Time of Year Effects on Self-Reported Estimates of Past-Year Alcohol Consumption Academic Article uri icon

abstract

  • AIMS:This study examines the relationship between survey month completion and self-reported alcohol consumption in the last 12 months. It is hypothesized that respondents that complete the survey in the warmer months of the year will report greater alcohol consumption over the last 12 months compared with surveys completed in the colder months. METHODS:The alcohol consumption data was obtained from three waves of the National Drug Strategy Household Survey (NDSHS) from 2010, 2013 and 2016, between May and November each year (n = 74,252). The associations between month of survey completion and three measures of past-year alcohol consumption were examined using a mix of linear and logistic regression. All models were adjusted for survey year, mode of administration, state of residence, rurality, Socio-Economic Indexes for Areas (SEIFA), sex and age. RESULTS:Results varied by drinking measure. In general, there were higher estimates for respondents completing the survey in November and lower estimates in August and September. CONCLUSIONS:The results in this study demonstrate the significant relationship between month of survey completion and alcohol consumption in the last 12 months. Seasonal variations in alcohol consumption have the potential to impact respondents' accurate recall of alcohol consumption in the last 12 months and changes to survey timing have the potential to bias trend estimates of drinking behaviour.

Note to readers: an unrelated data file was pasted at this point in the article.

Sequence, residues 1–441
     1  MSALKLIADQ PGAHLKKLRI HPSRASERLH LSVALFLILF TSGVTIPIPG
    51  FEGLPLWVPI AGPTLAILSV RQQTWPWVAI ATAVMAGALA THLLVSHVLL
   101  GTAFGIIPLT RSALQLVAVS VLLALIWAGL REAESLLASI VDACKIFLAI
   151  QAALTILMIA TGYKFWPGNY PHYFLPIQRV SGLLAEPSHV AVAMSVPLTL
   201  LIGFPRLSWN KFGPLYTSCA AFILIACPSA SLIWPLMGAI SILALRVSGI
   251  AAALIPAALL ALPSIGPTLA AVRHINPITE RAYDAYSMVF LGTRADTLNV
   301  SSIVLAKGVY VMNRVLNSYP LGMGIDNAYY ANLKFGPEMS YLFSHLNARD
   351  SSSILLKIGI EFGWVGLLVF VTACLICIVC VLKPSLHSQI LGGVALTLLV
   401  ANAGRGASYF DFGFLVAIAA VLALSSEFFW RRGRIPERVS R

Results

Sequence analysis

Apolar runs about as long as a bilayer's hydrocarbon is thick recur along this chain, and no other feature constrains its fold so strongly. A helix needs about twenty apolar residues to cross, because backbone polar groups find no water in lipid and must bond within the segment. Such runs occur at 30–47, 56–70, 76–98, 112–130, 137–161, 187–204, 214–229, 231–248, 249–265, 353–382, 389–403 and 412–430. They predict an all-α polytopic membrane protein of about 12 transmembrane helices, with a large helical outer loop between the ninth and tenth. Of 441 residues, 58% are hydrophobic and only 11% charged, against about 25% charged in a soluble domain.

publication date

  • May 7, 2019